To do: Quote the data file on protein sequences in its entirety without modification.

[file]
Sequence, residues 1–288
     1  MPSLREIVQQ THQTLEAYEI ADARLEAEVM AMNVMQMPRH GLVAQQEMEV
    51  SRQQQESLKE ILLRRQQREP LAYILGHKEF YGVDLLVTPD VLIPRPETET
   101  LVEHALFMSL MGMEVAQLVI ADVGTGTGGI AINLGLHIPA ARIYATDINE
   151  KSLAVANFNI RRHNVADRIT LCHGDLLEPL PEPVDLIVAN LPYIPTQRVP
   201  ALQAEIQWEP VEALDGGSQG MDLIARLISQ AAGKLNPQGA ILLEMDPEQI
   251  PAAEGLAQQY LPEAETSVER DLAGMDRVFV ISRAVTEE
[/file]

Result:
Sequence, residues 1–288
     1  MPSLREIVQQ THQTLEAYEI ADARLEAEVM AMNVMQMPRH GLVAQQEMEV
    51  SRQQQESLKE ILLRRQQREP LAYILGHKEF YGVDLLVTPD VLIPRPETET
   101  LVEHALFMSL MGMEVAQLVI ADVGTGTGGI AINLGLHIPA ARIYATDINE
   151  KSLAVANFNI RRHNVADRIT LCHGDLLEPL PEPVDLIVAN LPYIPTQRVP
   201  ALQAEIQWEP VEALDGGSQG MDLIARLISQ AAGKLNPQGA ILLEMDPEQI
   251  PAAEGLAQQY LPEAETSVER DLAGMDRVFV ISRAVTEE